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LAW & MOTION CALENDAR
WEDNESDAY, FEBRUARY 3, 2016 3:00 P.M.
Courtroom 16 – Honorable Philip A. Champlin for the Honorable Nancy Shaffer
3035 Cleveland Avenue, Santa Rosa
The following tentative rulings will become the ruling of the Court unless a party desires to be heard. If you desire to appear and present oral argument as to any motion, you will need to contact the Judicial Assistant by telephone at (707) 521-6725 by 4:00 p.m. today, Tuesday, February 2, 2016. Any party requesting an appearance must notify all other opposing parties of their intent to appear. Parties in small claims cases and motions for claims of exemption are exempt from this requirement.
CourtCall is available for all Law and Motion appearances, EXCEPT parties in small claims cases and motions for claims of exemption which are mandatory appearances. CourtCall can be reached directly at (888) 882-6878
1. SCV-254930; Buckingham v. Emeritus Corporation
This matter comes on calendar for the Defendants’ motion for summary judgment, or in the alternative, summary adjudication. This matter also comes on calendar for the Plaintiffs’ motion to amend complaint.
Defendants’ Motion for Summary Judgment/Adjudication
The Defendants move for summary judgment on the grounds that none of the Defendants acted in a way to cause or contribute to the Plaintiffs’ damages. The Defendants also identify eight issues for summary adjudication: (1) First Cause of Action for Negligence has no merit because Emeritus, including Defendants Becker and Abramson, did not act in any way that caused or contributed to the Plaintiffs’ damages; (2) First Cause of Action for Negligence has no merit because Emeritus, including Defendants Becker and Abramson, did not act in any way that caused or contributed to Ms. Buckingham’s death; (3) Second Cause of Action for Elder Abuse fails because Emeritus, including Defendants Becker and Abramson, did not act in any way that caused or contributed to the Plaintiffs’ damages; (4) Second Cause of Action for Elder Abuse has no merit because the Plaintiffs have no admissible evidence to prove by clear and convincing standard that Defendant Becker engaged in conduct that was reckless, oppressive, malicious, and/or fraudulent that was directed at Ms. Buckingham; (5) Second Cause of Action for Elder Abuse has no merit because the Plaintiffs have no admissible evidence to prove by clear and convincing standard that Defendant Abramson engaged in conduct that was reckless, oppressive, malicious, and/or fraudulent that was directed at Ms. Buckingham; (6) Second Cause of Action for Elder Abuse has no merit against Defendant Emeritus because the Plaintiffs have no admissible evidence to prove by clear and convincing standard that any officer, director, or managing agent of Defendant Emeritus participated in, authorized and/or ratified any alleged wrongful conduct that was directed at Ms. Buckingham; (7) Plaintiffs’ claim for punitive damages has no merit because the Plaintiffs have no admissible evidence to prove by clear and convincing standard that any officer, director, or managing agent of Defendant Emeritus participated in, authorized and/or ratified any alleged wrongful conduct that was directed at Ms. Buckingham; and (8) Third Cause of Action has no merit because it is not an independent cause of action. The Plaintiffs have filed opposition. Each of the issues raised in the motion and the opposition are dealt with below.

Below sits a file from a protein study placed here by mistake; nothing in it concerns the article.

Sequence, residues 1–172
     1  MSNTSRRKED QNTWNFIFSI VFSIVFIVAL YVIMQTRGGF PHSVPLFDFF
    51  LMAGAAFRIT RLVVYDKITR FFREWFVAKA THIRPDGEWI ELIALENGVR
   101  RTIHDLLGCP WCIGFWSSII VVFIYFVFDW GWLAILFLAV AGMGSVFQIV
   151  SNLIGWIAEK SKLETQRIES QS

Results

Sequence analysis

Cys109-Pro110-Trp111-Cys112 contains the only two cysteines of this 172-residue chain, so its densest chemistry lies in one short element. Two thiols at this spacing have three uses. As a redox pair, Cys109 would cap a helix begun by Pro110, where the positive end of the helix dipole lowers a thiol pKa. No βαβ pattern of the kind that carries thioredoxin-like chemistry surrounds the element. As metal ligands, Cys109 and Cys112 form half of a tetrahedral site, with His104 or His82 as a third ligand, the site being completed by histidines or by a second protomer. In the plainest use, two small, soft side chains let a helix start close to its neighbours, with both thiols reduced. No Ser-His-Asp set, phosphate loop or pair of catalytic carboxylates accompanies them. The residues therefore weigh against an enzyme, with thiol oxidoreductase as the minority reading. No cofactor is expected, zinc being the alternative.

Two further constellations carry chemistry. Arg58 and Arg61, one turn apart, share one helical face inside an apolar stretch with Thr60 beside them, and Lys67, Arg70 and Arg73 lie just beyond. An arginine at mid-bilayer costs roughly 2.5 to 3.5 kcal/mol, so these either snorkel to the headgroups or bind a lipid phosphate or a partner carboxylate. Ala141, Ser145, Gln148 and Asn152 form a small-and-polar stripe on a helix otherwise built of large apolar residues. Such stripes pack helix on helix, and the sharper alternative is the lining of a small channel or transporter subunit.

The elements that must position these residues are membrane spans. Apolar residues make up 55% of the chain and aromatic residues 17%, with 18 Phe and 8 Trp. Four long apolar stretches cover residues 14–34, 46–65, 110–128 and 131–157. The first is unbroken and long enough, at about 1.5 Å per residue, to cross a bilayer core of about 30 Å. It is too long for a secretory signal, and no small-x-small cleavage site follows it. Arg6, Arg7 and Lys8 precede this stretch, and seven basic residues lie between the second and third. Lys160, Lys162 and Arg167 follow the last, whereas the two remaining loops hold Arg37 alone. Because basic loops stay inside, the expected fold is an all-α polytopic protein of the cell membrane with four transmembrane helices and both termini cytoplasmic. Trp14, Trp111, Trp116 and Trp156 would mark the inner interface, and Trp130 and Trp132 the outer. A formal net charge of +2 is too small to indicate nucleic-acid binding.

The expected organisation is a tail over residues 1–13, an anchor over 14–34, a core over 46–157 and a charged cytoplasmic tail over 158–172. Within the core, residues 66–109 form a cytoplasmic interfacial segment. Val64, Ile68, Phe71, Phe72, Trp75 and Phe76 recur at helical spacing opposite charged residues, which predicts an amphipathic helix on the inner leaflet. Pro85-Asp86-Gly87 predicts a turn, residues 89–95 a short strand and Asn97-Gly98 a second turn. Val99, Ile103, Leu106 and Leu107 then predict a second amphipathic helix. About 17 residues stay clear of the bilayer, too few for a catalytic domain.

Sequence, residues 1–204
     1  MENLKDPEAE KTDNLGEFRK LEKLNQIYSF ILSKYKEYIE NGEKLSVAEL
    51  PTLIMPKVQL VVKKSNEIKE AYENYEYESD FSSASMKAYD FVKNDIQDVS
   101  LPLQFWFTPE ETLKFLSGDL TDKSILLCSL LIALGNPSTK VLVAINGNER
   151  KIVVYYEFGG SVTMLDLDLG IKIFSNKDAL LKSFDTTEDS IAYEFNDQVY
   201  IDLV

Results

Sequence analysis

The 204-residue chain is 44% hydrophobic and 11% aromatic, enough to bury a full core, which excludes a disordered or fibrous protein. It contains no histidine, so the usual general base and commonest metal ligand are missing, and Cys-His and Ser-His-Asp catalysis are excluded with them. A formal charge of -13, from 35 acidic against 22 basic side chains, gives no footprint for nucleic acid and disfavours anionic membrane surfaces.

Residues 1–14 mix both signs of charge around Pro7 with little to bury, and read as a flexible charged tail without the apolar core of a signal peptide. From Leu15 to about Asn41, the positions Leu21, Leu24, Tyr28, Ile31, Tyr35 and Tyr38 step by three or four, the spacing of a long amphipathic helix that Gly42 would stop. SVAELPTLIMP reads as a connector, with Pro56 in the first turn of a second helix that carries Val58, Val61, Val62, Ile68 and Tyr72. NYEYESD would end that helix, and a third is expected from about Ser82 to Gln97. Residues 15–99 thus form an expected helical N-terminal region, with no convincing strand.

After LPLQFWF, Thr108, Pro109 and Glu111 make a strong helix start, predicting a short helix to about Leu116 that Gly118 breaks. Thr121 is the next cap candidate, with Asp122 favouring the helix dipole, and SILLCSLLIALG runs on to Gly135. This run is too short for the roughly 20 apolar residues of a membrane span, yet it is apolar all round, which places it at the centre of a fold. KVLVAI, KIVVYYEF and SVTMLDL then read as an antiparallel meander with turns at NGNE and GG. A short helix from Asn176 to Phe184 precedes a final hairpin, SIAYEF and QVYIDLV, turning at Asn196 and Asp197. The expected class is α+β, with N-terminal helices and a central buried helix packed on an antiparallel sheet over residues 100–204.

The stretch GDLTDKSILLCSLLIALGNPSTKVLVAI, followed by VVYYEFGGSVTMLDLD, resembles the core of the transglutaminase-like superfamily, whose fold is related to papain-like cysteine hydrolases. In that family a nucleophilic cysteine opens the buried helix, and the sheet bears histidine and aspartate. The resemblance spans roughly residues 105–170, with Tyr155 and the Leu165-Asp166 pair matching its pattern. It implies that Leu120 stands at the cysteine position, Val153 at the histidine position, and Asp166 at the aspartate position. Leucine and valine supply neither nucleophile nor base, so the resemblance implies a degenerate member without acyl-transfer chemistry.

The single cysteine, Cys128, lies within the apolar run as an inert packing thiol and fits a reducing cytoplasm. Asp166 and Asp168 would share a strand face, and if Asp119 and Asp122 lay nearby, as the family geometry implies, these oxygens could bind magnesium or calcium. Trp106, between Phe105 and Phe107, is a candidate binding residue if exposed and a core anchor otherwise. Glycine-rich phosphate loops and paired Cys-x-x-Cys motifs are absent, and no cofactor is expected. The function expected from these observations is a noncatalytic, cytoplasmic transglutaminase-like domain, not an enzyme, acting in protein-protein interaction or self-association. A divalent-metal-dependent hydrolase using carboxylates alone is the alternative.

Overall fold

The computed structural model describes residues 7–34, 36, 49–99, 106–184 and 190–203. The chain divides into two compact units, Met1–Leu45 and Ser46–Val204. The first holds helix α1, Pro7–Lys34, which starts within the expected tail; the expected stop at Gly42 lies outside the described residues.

Motion for Summary Judgment
In arguing for summary judgment, the Defendants argue that the allegations in the Second Amended Complaint fail because the evidence adduced by them demonstrates that there is no causal connection between any alleged wrongful act or omission that caused the alleged injuries. The Defendants primarily rely on the declaration of Dr. Zier, who opines that Ms. Buckingham’s pressure sore was “medically unavoidable” and therefore did not contribute to Ms. Buckingham’s death.
The Plaintiffs oppose arguing that the Defendants have not met their initial burden that the Plaintiffs cannot adduce any evidence. The Plaintiffs contend that the Defendants simply adduced most of the medical records in the case (approximately one full banker’s box), and an expert who opines that Ms. Buckingham died from her other medical issues and not a pressure sore. The Plaintiffs offer up their own expert, Dr. Fugaro, and Ms. Buckingham’s Certificate of Death which puts material issues of fact in dispute as to whether the Defendants’ actions caused Ms. Buckingham’s death, and the Plaintiffs’ damages.
From the outset, the court notes that the first issue presented by the Defendants, lack of causation, has disputed issues of fact that preclude summary judgment. The Defendants’ motion on this point is dependent on the opinion of Dr. Zier, who opines that Ms. Buckingham suffered from a host of medical problems that pre-dated her stay at the Defendants’ facility, that were the cause of her death. As a result, Dr. Zier opines that the Defendants’ care could not have been the cause of Ms. Buckingham’s death and that the pressure sore was “medically unavoidable.”